This article is by Ian Hu, claims prevention & practicePRO Counsel at LAWPRO.
Adverse cost protection is a relatively new insurance or quasi-insurance product which can help lessen the financial blow of a lost case for both the client and lawyer. It may also be called adverse cost insurance, legal expense insurance, or after the event (ATE) insurance. While there is no standard contract or policy, the adverse cost provider will generally pay some amount of costs, fees, and/or disbursements should the client’s case lose. The premium or cost of the contract may be paid as a percentage of the value of a resolved case, contingent on a successful resolution by way of a settlement or trial verdict. In other cases, a firm may pay a flat fee to obtain coverage for all its files.
The contract or policy that governs the relationship between lawyer, client, and provider is complex. The issues may surprise you. A deep knowledge of the contract or policy and how it can affect the litigation is helpful to lessen the risks. Here are some considerations.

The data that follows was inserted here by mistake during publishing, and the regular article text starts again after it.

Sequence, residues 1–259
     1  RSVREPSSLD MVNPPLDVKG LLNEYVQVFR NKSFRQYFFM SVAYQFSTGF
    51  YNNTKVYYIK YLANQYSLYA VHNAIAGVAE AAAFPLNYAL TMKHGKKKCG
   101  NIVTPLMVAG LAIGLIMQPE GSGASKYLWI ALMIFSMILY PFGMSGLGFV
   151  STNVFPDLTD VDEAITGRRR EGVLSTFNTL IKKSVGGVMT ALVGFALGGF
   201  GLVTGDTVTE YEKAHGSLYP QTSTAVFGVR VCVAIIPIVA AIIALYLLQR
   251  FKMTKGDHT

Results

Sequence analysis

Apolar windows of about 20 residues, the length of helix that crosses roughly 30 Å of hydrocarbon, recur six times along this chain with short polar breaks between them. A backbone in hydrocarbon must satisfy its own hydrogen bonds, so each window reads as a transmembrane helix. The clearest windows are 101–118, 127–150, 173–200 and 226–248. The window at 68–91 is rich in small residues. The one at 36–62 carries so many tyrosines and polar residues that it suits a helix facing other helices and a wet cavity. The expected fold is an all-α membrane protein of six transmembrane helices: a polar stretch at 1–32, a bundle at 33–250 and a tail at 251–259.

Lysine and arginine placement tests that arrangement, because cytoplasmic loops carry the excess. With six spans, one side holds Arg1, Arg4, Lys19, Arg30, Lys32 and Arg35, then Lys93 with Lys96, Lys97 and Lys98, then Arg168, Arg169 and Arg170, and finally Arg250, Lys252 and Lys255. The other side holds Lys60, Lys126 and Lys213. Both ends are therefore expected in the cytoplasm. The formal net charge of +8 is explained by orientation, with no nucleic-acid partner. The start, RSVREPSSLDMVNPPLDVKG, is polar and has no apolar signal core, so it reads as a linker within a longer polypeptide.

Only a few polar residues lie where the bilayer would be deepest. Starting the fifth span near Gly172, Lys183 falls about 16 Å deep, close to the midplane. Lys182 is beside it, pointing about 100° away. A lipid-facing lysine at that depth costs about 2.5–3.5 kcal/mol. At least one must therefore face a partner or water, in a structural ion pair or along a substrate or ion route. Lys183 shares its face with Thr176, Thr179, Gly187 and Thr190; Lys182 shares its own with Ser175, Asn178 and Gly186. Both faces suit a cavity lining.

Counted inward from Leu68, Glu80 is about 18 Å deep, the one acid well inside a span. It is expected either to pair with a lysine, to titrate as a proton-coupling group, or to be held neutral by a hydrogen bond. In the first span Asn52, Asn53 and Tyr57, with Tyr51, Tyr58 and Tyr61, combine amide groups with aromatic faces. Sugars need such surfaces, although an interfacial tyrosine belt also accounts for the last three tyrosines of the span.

Discuss the terms and the risks with client
As with any advice, relevant information should be communicated to your client. Take care to discuss the potential costs, risks, and relevant terms of the policy or contract. This includes the nature of the relationship between your firm and the provider. Remember, under the policy or contract, you likely have new reporting and other obligations toward the provider, including sharing confidential information.
One of the biggest communication-related risks (and one that is universal to fees or expenses to be paid in the litigation context) is how adverse cost protection affects the “take-home” amount your client will receive when the case settles. Whether the policy premium or cost of the contract is paid as a disbursement or a fee, it is usually subtracted from the “all-inclusive” settlement. Where a successful resolution is highly likely, a client may perceive the cost to be unnecessary and insist on a higher all-inclusive settlement, thereby making it more difficult to settle a case. Costs or fees that a client feels are unnecessary can cause clients to question how much you are paid on the file. Unhappy clients, unresolved lawsuits, and allegedly high or unnecessary costs are all sources of claims. Keep in mind the LAWPRO policy does not cover fee disputes.
Whether the adverse cost provider is a licensed insurer or unregulated entity, remember, the payout is not...